An international group led by Vanderbilt University researchers found cannabinoid receptors in a key emotional hub in the brain involved in regulating anxiety and the flight-or-fight response.
This is the first time cannabinoid receptors have been identified in the central nucleus of the amygdala in a mouse model, they said.
The discovery may help explain why marijuana users say they take the drug mainly to reduce anxiety, said Sachin Patel, the research paper's senior author.
Led by first author Teniel Ramikie, a graduate student in Patel's lab, the researchers also showed for the first time how nerve cells in this part of the brain make and release their own natural "endocannabinoids."
The study "could be highly important for understanding how cannabis exerts its behavioural effects," Patel said.
The researchers used high-affinity antibodies to "label" the cannabinoid receptors so they could be seen using various microscopy techniques, including electron microscopy, which allowed very detailed visualisation at individual synapses, or gaps between nerve cells.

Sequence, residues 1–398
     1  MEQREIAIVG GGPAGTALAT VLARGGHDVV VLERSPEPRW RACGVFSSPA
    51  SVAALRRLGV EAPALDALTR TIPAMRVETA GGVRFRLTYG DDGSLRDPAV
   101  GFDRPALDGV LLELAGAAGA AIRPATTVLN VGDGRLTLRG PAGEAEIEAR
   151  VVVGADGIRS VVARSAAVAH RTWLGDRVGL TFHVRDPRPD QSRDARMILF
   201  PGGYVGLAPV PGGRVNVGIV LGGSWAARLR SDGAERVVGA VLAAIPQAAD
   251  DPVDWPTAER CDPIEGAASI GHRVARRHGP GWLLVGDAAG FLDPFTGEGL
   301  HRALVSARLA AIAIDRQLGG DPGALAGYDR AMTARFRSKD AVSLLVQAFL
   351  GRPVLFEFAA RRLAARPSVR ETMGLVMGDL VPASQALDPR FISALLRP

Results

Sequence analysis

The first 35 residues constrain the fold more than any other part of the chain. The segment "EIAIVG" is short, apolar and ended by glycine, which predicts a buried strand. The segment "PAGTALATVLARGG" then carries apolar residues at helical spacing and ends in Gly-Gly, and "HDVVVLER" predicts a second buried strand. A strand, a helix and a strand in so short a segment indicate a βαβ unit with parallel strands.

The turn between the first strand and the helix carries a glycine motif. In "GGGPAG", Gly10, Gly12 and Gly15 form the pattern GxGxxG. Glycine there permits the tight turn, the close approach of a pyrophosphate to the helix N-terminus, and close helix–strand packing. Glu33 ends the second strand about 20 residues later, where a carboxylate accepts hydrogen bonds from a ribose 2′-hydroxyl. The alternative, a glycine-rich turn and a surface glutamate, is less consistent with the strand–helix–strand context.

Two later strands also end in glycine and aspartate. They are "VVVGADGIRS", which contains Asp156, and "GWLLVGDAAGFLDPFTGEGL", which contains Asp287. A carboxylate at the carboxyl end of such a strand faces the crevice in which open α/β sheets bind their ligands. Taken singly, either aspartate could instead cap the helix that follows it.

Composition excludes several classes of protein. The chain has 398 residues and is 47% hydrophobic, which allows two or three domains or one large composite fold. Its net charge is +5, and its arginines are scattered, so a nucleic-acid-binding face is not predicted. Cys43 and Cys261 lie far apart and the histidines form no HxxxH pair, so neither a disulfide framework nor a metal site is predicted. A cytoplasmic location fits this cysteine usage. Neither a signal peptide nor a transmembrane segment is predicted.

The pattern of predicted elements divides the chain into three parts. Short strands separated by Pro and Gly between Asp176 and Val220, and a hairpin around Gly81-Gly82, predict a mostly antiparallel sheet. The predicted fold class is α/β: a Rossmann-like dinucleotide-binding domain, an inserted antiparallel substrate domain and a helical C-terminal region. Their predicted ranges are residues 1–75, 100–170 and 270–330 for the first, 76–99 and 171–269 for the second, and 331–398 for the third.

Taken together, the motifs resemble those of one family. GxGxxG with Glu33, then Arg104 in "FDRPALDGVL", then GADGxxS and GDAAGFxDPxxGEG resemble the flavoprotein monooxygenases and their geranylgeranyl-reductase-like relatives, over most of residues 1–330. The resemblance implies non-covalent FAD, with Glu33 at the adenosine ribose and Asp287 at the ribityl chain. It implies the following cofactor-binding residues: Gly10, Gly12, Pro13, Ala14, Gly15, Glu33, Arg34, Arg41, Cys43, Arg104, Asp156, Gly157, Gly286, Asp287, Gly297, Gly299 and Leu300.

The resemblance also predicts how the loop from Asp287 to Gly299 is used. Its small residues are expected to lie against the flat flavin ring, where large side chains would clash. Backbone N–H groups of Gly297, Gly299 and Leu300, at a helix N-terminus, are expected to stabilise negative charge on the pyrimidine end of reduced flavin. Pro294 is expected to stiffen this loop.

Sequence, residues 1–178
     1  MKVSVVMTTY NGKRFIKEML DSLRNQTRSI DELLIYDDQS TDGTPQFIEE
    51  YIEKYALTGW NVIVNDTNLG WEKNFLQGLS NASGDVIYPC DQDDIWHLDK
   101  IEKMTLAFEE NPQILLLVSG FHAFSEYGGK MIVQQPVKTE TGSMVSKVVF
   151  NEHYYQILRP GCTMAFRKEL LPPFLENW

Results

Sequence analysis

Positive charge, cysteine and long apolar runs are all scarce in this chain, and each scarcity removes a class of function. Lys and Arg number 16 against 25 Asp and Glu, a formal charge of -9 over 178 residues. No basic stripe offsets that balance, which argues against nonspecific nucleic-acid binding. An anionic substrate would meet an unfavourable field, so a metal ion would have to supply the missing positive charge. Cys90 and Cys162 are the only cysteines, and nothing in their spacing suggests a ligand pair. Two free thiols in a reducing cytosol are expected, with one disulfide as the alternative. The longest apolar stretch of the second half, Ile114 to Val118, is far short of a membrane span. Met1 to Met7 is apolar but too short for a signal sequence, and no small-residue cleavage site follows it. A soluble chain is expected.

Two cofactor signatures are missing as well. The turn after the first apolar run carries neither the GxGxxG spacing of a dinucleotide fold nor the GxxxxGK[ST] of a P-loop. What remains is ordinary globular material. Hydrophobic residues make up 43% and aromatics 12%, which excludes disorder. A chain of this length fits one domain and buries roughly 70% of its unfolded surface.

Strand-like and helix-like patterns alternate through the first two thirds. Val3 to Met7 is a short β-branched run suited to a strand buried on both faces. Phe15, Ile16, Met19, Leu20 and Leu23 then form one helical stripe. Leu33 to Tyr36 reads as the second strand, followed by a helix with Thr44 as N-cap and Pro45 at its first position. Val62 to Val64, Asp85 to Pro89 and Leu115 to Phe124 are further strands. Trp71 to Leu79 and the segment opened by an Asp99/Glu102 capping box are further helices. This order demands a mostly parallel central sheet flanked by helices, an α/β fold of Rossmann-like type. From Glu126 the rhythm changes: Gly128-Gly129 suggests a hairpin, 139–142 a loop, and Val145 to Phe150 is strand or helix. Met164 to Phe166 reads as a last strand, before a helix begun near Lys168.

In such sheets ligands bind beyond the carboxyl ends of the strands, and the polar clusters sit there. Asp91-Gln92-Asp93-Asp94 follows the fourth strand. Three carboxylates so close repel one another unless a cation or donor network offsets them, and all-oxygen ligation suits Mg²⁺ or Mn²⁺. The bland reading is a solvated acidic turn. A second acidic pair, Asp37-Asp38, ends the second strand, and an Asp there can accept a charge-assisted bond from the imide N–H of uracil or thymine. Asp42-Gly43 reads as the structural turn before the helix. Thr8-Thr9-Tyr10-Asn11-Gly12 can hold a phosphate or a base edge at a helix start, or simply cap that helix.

"We know where the receptors are, we know their function, we know how these neurons make their own cannabinoids," Patel said.
"Now can we see how that system is affected by stress and chronic (marijuana) use. It might fundamentally change our understanding of cellular communication in the amygdala," said Patel.
The study was published in the journal Neuron.


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